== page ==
Like

  3. Thanks for the update. I cannot imagine how weird it must be to watch these two people decline right in front of your eyes. My parents died decades apart so it was two separate experiences, but for you– all at once– it must be very difficult. Yet you’re doing a great job at keeping them safe. Good for you.

    Like

    1. It’s strange, I’m 50 years old and no one close to me has died yet. Even my grandparents were so far away and we saw them so infrequently that I hardly knew them. But still, my parents are in their 80s and you kind of expect them to die. It must have been so hard to lose them when you were younger and they were still supposed to be part of your life.

      Like

  4. It is watching them slowly slip away. My father-in-law was extremely angry and belligerent at first when he knew what was happening, then he became angry out of fear of not understanding. One of my aunts was just as happy and pleasant as if she was at a garden party ( even though she confused me with her daughter – or my daughter at times – but you could laugh and just let it go with her – she just smiled). My mom took years in the slide and I’m not sure she ever noticed. My dad was the hardest – he was so kind hearted and unless confused, very kind – it was painful to see him slip after being so strong and always dependable dad. We were lucky he slipped away quickly and peacefully. Dealing with diminishing capacity is not grieving – watching them slide doesn’t prepare you.
    Sound like they are safe and in a good location. All I can say is hang on and cherish the time you have no matter what the level of condition – they know you are there – really – sometimes it jumps out. It matters. To them and you. Good job kid.

    Like

    1. I am happy that we have a care center that does a good overall job. I know it’s a hard job and I really appreciate having people that care taking care of Mom and Dad.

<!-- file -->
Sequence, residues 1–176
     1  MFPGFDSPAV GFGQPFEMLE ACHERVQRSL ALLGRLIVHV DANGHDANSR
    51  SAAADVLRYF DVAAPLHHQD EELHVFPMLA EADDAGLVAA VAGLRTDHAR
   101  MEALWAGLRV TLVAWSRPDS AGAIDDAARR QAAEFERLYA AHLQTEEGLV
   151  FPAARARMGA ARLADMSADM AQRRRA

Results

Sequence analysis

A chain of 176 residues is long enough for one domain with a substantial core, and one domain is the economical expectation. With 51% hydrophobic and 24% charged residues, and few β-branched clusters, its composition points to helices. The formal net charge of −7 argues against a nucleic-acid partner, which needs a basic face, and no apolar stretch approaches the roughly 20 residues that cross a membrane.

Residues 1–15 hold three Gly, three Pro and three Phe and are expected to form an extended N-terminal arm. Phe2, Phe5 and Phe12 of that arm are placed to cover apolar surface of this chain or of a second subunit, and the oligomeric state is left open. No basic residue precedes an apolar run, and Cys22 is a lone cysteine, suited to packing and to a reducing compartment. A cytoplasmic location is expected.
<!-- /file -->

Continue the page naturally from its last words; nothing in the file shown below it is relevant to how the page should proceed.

It is really hard to watch them deteriorate. I was just talking the other day with a friend about how we can talk intellectually about not wanting them to linger in this endless decline yet not being ready to let go either.

      In some ways, Mom took it better although she was really depressed during that period where she was aware of what was happening. Dad has mostly just denied there was a problem though last summer and fall he was having more depression, particularly as he was aware he needed more care than I could give him, at least part of the time. Looking back, I don’t remember Grandma being very aware – but I was only 11 so what did I know? The last time I saw her, she thought she was living in a resort where she played bingo and they gave her M&Ms. That sounds far better than how sad and betrayed both Mom and Dad have seemed during their adjustment to the nursing home. So sad that you, too, have so many in your family affected by this. To me, I’d rather deal with almost any physical problem than this slow loss of my mind.

      Like

Comments are closed.